At that time, the Japanese and French TGV solution, of putting trains with a high power to weight ratio on a purpose built track, was not seen as viable in the UK, since no route carried enough traffic to warrant the costs. The option of running trains faster with minimal track modification raised the possibility of increasing speed and capacity on all routes. The current discussion of HS2 uses similar arguments to reach the opposite conclusion.
A short experimental train, APT-E, was designed utilizing gas-turbine engines then being developed by British Leyland (BL) for trucks and buses. Ten were used as generator sets, eight for traction and two for other power services in the two end power cars. Standard traction motors powered the end bogies with fully articulated trailer suspensions under each pair of vehicle ends. The train was articulated to reduce weight by reducing the number of bogies. In addition, a 2-car dummy train with the same frame structure as the power cars and similar but unpowered suspensions was used for towing trials.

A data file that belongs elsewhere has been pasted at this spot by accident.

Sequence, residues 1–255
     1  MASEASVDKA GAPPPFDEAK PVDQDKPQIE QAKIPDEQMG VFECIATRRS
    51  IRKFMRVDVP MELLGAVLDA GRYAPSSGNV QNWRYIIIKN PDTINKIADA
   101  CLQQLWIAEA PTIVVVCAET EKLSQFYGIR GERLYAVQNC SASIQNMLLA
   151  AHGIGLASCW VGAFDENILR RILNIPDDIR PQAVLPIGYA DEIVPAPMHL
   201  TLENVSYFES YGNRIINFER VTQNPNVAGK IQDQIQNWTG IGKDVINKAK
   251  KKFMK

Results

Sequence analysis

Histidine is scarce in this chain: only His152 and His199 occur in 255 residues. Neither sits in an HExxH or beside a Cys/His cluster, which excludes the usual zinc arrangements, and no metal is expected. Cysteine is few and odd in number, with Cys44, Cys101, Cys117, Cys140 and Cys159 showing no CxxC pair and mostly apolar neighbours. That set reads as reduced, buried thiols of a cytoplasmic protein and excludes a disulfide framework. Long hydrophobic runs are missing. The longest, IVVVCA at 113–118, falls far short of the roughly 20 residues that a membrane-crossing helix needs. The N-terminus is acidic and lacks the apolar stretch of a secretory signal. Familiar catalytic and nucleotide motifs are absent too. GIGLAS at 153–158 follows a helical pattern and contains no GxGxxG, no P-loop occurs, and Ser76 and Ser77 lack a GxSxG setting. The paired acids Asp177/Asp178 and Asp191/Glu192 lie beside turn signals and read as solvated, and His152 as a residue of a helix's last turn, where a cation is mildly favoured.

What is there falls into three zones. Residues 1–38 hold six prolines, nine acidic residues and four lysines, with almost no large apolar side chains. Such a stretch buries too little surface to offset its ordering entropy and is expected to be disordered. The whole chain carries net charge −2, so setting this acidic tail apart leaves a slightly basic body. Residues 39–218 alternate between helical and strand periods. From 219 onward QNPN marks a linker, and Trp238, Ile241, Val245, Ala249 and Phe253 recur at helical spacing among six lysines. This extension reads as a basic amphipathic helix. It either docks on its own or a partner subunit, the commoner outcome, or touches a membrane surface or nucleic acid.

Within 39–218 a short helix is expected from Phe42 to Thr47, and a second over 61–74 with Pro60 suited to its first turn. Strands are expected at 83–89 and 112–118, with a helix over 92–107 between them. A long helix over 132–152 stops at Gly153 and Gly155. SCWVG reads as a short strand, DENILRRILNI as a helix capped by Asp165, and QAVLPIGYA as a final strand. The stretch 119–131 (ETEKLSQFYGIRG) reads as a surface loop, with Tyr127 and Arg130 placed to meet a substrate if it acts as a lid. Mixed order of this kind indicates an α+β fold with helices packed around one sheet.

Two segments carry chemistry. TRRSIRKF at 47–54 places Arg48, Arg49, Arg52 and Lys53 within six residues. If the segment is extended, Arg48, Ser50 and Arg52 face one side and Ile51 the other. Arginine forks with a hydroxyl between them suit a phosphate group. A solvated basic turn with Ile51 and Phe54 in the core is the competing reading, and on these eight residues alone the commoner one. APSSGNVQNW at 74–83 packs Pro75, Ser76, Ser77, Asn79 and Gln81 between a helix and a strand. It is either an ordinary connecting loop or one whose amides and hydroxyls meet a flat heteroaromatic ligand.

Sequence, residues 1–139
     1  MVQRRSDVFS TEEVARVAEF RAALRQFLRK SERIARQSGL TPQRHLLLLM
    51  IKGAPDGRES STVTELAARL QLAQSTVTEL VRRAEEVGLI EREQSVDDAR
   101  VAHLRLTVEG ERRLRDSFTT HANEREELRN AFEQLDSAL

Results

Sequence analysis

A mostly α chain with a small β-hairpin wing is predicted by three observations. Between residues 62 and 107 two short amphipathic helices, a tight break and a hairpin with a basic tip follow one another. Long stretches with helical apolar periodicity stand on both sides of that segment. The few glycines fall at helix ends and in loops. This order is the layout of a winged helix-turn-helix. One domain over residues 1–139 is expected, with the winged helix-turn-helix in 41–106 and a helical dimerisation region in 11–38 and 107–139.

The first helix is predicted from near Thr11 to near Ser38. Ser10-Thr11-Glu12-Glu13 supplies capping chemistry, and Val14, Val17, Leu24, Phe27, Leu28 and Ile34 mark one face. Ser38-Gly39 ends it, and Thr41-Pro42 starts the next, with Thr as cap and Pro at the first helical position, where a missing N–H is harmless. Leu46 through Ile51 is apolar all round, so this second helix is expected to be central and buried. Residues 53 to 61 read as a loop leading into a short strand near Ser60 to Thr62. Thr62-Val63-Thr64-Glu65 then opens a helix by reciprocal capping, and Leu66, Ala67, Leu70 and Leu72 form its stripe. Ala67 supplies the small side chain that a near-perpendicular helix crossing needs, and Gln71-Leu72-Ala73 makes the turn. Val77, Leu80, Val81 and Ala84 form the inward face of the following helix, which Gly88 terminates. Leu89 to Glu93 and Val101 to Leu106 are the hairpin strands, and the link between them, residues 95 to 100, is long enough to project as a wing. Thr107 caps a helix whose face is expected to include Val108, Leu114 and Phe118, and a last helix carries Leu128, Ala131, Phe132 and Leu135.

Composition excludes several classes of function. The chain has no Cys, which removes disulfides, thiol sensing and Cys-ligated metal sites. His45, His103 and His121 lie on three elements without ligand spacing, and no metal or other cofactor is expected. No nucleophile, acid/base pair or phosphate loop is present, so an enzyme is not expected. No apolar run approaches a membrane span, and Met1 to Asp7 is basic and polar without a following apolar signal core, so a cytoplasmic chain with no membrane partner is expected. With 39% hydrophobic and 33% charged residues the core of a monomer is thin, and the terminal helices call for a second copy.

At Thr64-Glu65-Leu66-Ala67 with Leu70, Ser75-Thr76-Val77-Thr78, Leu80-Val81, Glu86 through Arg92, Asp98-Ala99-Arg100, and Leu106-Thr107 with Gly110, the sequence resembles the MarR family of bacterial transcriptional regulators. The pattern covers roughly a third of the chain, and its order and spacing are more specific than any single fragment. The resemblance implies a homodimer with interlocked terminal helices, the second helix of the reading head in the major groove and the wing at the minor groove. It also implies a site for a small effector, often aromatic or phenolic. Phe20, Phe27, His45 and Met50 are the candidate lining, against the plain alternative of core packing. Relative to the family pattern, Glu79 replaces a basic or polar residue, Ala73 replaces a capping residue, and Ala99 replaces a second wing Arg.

Initial tests of the powered train were delayed and disrupted by union action, but the 2-car towed tests on the Old Dalby test track south of Nottingham quickly revealed some problems.
Rate sensitive dampers, new to the railways had to be used to give a stiff reaction to the dynamic vibrations, but allow larger slow movement when entering curves or passing over points and crossings. The suspension connections relied on the stiffness of the body structures to react the vibration loadings.